In August, electricity consumption rose 1.7% year-on-year, or 1.4% when correcting for the effects of temperature and number of working days. From January to August, consumption increased 3.2%, or 3.0% when correcting for temperature and working days.
Wind-power generation was below average values as a result of a capability index of 0.84 (historical average of 1), whereas photovoltaic generation benefited from a more favourable regime, reaching a capability index of 1.10 (historical average of 1). The capability increase, along with the new facilities that are being connected to the grid, enabled reaching a new peak of around 1260 MW. The hydropower regime remains dry, with a capability index of 0.48 (historical average of 1), as has been the case in the past few months. Renewable generation supplied 36% of consumption, while non-renewable generation supplied 39%. The remaining 25% consisted of imported energy.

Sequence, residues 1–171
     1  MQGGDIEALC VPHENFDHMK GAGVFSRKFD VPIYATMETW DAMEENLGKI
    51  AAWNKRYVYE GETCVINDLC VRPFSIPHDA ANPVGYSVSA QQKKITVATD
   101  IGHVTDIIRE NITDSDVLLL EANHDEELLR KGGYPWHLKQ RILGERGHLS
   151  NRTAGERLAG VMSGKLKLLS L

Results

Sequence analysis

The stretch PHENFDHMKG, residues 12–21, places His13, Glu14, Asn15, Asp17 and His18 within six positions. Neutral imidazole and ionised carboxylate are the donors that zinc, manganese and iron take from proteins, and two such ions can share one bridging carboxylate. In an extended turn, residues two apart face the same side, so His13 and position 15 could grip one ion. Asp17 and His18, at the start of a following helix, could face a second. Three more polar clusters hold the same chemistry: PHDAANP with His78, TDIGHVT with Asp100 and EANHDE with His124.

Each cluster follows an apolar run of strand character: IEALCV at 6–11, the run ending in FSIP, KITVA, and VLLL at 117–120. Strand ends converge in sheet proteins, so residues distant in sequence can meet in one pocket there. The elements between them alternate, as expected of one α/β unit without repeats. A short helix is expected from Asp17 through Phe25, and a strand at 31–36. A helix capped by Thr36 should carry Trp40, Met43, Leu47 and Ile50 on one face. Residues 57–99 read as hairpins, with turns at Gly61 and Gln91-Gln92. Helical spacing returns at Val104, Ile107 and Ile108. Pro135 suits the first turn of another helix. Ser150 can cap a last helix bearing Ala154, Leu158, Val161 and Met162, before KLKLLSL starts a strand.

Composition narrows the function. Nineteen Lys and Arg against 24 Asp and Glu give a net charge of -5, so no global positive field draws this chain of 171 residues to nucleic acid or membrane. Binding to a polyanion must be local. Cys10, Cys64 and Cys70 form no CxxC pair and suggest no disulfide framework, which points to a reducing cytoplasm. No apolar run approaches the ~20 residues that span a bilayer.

In the period from January to August, the hydropower capability index stood at 0.34 (historical average of 1), the wind-power capability index at 0.93 (historical average of 1), and solar at 1.10 (historical average of 1). Renewable generation supplied 44% of consumption, split between wind, providing 23%, hydroelectric with 9%, biomass with 7%, and photovoltaics with 5%. Generation from natural gas supplied 33% of consumption, with the remaining 23% coming from imported energy.
In the natural gas market, consumption increased in August, with a year-on-year rate of 8%. As has been the case throughout the year, the electricity generation segment, which increased 48%, diverged from the conventional segment, which includes the remaining customers and decreased 15.7%. Between January and August, the consumption of natural gas recorded a slightly positive year-on-year variation of 0.7%, stemming from a drop of 20% in the conventional segment, as well as from an increase of 47% in the electricity generation segment.